THE PENTAGON — Gore-Tex. Poly-Pro. Snivel Gear. These older systems will soon take a back seat to the Army’s newest cold-weather protection system, sources tell Duffel Blog.
The new kid on the block in terms of preserving soldiers’ body heat is known as PolarTec, which will be ready for mass fielding by the fall of 2015, ushering in a new age of comfort and defense from harsh weather conditions that will be immediately banned by every command sergeant major and field grade officer on the planet.
Defense officials say the combination fur and fleece lining on the interior is second to none. Citing the example of field testing at Fort Drum, it was found that PolarTec lining allows soldiers to operate almost 40 percent longer before having to retreat to warmed tents or buildings.
But it’s also the refuge of the slovenly slacker, according to Command Sgt. Maj. Joseph F. Mayfield, who is also Professor Emeritus of Leadership Studies at East Dickhole State University.
“Yeah, uh, these inderviderals who has chosen to wear these outfit,” said Mayfield. “They is just the damn thing. It be clear that they be laxadaiscal about they duty to preform. Any soldier who wear dis ting be a slacker. And any leader who wear dis ting be co-hersing his soldiers to slack awf.”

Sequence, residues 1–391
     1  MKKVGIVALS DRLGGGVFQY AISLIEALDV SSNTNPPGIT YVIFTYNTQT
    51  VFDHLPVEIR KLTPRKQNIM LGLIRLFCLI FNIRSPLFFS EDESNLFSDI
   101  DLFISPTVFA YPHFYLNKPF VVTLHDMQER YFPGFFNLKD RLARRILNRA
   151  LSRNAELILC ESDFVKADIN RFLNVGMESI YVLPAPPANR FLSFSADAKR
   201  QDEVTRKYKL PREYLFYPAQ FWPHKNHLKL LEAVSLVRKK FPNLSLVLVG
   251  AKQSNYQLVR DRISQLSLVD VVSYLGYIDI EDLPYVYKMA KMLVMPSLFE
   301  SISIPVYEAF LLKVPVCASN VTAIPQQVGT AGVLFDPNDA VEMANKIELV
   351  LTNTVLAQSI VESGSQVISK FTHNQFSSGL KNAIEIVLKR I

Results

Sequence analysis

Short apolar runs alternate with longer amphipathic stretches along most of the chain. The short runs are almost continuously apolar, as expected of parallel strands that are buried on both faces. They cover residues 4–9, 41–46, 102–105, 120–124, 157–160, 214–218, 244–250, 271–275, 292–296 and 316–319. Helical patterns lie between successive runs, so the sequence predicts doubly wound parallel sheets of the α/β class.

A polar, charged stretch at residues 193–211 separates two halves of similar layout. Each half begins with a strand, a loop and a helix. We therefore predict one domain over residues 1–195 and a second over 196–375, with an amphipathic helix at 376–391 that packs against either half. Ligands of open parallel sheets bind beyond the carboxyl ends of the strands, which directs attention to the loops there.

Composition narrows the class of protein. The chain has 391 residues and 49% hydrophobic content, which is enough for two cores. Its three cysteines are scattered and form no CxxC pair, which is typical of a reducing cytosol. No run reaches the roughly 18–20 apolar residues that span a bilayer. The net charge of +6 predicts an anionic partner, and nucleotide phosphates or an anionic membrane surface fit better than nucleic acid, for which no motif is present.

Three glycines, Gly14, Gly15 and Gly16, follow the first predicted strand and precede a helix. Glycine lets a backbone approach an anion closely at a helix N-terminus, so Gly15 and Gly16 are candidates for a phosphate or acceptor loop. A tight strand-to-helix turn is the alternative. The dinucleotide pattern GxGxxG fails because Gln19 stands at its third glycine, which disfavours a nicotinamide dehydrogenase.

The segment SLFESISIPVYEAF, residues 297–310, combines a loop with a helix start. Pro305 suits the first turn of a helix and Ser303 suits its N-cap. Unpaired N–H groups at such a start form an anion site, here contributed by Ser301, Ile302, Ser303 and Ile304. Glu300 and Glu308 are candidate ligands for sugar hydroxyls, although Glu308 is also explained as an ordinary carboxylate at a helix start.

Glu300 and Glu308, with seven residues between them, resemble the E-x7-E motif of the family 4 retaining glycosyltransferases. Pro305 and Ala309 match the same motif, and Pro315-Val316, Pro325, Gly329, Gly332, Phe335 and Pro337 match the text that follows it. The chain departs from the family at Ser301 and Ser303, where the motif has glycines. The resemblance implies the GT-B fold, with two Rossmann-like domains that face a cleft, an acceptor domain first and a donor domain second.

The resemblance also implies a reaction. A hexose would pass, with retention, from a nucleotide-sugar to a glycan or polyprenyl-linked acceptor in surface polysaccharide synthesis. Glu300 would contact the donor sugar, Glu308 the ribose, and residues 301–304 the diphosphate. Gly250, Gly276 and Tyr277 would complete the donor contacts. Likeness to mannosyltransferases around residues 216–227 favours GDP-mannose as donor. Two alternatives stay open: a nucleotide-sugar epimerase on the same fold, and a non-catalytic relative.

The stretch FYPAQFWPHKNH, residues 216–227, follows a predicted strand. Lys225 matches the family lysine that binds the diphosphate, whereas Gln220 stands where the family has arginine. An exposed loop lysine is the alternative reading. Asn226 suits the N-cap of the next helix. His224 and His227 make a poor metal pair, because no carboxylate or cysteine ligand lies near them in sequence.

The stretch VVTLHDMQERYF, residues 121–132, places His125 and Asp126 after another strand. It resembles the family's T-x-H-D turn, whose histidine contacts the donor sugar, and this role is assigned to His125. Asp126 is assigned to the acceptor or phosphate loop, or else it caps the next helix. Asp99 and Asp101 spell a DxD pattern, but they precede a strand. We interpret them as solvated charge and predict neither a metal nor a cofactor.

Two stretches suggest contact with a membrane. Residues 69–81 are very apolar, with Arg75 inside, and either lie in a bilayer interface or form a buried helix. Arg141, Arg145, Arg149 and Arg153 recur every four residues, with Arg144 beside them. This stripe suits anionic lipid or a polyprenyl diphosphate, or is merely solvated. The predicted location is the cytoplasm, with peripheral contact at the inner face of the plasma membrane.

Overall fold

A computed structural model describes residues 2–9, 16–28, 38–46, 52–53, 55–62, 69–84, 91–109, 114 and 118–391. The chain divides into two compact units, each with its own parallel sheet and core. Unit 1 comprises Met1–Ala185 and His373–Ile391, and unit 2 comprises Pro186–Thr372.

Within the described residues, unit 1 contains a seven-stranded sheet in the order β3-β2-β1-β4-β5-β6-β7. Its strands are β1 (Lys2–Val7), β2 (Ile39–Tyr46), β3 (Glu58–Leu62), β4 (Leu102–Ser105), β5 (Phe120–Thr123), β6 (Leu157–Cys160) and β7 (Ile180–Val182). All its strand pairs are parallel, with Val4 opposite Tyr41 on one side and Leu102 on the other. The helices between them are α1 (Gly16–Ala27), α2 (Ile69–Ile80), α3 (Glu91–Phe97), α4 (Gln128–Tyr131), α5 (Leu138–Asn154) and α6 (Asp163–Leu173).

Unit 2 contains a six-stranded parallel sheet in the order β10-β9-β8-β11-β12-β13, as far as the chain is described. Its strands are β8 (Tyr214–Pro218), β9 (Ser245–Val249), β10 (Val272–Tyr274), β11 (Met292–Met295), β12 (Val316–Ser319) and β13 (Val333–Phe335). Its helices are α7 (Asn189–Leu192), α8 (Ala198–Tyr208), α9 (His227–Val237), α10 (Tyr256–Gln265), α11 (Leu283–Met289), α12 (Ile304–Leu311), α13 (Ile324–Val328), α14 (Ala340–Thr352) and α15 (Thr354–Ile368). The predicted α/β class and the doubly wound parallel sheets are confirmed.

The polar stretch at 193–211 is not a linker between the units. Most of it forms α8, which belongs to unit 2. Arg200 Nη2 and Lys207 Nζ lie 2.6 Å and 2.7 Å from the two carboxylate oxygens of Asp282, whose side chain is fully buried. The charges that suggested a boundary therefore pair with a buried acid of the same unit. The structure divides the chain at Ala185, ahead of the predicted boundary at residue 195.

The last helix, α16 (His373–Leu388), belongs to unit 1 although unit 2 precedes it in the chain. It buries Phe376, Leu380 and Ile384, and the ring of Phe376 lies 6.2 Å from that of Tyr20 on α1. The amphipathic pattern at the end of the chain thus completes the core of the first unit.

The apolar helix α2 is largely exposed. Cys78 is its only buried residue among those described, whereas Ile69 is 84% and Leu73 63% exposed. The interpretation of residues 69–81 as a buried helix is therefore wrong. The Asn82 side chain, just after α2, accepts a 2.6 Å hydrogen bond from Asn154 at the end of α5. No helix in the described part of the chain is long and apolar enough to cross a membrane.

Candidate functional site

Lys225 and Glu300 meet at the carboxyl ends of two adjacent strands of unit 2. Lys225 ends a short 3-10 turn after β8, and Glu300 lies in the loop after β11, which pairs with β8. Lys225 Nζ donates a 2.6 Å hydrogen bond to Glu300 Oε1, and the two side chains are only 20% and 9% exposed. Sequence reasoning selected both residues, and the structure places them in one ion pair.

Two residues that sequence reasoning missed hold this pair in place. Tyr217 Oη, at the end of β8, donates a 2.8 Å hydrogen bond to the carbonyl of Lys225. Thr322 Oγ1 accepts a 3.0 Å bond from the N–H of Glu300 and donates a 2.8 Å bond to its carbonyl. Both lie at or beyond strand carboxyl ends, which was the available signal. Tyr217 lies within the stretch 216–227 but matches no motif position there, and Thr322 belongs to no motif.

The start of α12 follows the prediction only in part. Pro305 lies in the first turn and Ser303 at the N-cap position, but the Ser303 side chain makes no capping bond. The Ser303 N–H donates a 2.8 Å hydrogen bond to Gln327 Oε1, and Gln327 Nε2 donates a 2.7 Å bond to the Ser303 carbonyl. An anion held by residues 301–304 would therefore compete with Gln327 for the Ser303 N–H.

Unfortunately, Mayfield had to pardon himself from the interview to run outside and scream at a grouse for intruding upon his parade field.
The PolarTec gloves feature a state of the art ThinSkin technology which provides the same protection as half-inch thick fleece gloves, but at a thickness of only two millimeters. The pants and jacket come with inboard body temperature monitors, powered solely by body heat and motion, which silently alert the user when he or she is in danger of hypothermia or low blood sugar. And the PolarTec watch cap not only covers the ears, but has a pull-down wraparound chin and mouth guard.
Still, the uniforms are not without controversy, as some say the commonsense, life-saving innovation is an enormous detriment to good order and discipline.
“If soldiers can put their hands in their pockets,” said Col. Nathan Blood, pausing to insert his pinky finger into his ear. “That can lead to war crimes. As everybody knows, slacking off on uniform discipline or allowing soldiers to shave only once every other day can lead to atrocities. So we got to nip this in the bud.”
“Sure,” Blood added while scratching at his ass and sniffing his hand, “The Army may be issuing this gear. And it may come with pockets and hoods. But that don’t mean we can’t forbid them from ever using those pockets and hoods.”
Sources confirmed that most major commands would forbid soldiers from taking advantage of the many benefits of PolarTec. Officers and sergeants major in charge of this decision are apparently very firm in their views.
“Thousands of soldiers getting frostbite,” said Mayfield, “and literally hundreds of millions of dollars getting paid out for the resulting lifelong medical benefits, are a small price to pay. A small price, so that I can walk along the perimeter in below-freezing weather and see my soldiers not having their hands in their pockets.”
“Or,” he added, pausing to check his tooth gap for stray asparagus, “preventing their ears and faces from being frostbitten.”
At press time, Acquisition Corps sources confirmed that the new cold-weather gear would be available in BDU and ACU patterns.